Shield laws are supposed to protect journalists who find themselves in Miller’s situation. The problem with such legislation is that it creates a special government-recognized class of citizens called “journalists” and applies the law’s protections only to them. This is a big step toward government licensing of journalists. And if the government has the power to approve someone’s status as a journalist, it has the power to withhold or rescind that status — which can mean having the power to muzzle critics.

Overt, heavy-handed government retaliation against uncooperative reporters is not the biggest risk, though it is not inconceivable, either. The Nixon administration, you may recall, included some reporters on its “enemies list.” The biggest threat is of self-censorship by reporters who need a license to keep their jobs.

The Times spent a lot of money on legal fees to defend Miller (only to cut her loose later, for the sin of not being sufficiently critical of Bush administration intelligence claims leading up to the Iraq war.) Employers that want to avoid those expenses are likely to employ only accredited journalists. This effectively would give the government the power to decide who may work in the field.

Journalists also alienate themselves from the public when they claim special privileges and status, especially when they base such claims on their role as the public’s watchdog. The Constitutional guarantee of a free press does not belong only to those who own presses, or to those who get a paycheck from those owners. The freedom to publish is an adjunct of the freedom to speak, and everyone is free to speak. The difference nowadays is that technology has made the freedom to publish a reality, rather than a theoretical ideal, for everyone.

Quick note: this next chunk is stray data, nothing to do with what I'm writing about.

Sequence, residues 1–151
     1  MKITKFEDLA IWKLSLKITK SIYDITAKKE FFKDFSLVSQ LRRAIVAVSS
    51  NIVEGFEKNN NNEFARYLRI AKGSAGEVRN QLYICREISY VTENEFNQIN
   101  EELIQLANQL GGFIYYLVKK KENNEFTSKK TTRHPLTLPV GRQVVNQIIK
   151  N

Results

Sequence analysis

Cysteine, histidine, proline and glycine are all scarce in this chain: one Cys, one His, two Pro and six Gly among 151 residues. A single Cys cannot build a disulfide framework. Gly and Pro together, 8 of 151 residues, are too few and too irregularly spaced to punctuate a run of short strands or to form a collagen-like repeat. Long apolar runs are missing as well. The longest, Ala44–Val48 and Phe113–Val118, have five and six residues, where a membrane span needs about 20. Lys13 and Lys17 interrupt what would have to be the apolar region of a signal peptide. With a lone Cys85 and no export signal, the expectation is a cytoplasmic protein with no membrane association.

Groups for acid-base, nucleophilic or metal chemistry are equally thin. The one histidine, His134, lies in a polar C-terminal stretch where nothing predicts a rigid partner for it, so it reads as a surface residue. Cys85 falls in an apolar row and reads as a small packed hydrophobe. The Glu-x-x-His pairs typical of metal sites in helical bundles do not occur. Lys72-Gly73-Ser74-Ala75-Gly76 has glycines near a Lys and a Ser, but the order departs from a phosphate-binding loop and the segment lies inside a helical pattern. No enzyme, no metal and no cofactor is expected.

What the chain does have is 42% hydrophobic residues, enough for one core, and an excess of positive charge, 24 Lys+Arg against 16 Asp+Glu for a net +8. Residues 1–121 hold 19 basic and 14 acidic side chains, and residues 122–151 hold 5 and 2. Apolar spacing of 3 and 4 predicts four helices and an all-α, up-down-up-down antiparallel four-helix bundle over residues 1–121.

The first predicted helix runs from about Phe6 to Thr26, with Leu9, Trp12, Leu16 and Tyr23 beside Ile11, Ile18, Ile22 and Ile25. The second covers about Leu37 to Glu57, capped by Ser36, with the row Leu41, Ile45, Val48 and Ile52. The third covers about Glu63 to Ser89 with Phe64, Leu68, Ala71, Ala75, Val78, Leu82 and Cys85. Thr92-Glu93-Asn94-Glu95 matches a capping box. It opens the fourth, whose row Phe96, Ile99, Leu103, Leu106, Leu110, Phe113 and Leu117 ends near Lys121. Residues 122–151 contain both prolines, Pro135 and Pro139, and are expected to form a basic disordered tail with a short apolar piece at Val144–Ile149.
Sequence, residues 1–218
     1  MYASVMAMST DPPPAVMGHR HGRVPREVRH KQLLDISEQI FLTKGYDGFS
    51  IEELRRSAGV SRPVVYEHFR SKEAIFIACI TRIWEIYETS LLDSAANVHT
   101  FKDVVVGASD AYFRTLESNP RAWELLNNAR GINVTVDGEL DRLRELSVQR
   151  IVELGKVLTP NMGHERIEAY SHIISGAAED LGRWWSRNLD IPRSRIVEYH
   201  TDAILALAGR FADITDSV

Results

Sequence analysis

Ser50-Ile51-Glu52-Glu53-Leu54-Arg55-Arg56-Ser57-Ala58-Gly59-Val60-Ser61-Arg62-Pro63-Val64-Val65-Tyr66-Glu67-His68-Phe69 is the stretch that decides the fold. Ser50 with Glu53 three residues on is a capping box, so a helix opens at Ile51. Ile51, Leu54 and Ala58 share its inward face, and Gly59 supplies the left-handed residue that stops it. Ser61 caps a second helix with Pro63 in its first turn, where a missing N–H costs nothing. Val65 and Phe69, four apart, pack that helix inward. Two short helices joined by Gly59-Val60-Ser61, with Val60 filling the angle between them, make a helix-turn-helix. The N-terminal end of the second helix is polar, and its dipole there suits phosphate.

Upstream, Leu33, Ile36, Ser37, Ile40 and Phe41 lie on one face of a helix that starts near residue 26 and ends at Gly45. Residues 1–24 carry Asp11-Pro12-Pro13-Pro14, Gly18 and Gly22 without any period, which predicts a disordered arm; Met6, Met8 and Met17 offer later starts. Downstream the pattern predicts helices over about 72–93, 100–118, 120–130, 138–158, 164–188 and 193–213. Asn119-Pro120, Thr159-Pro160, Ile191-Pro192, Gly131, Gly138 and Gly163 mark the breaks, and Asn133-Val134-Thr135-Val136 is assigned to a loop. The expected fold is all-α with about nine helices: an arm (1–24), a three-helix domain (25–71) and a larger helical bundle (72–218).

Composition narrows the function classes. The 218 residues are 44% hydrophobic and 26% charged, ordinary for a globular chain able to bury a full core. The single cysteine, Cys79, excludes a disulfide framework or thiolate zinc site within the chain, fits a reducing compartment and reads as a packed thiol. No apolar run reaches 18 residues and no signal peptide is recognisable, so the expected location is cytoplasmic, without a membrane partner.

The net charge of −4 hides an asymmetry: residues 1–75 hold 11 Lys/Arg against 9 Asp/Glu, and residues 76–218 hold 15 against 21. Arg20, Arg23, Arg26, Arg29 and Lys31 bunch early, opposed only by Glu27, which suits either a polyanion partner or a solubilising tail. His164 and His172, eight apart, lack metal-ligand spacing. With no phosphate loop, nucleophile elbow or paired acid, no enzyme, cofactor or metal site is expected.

Who will decide who is, or is not, a journalist? Did I become a journalist when I enrolled in journalism school at college, or when I joined the student paper there? Or did that status wait until I got my first summer job on a non-campus paper? Or when I graduated? Or when The Associated Press hired me?

Assuming I was a journalist at those times, did I stop being one when I left The AP? Did I become a journalist again when I later wrote a book, or when I started Sentinel, our firm’s quarterly newsletter? Or when I started writing this daily opinion column, otherwise known as a blog, about four months ago? If this blog makes me a journalist, what does your blog make you?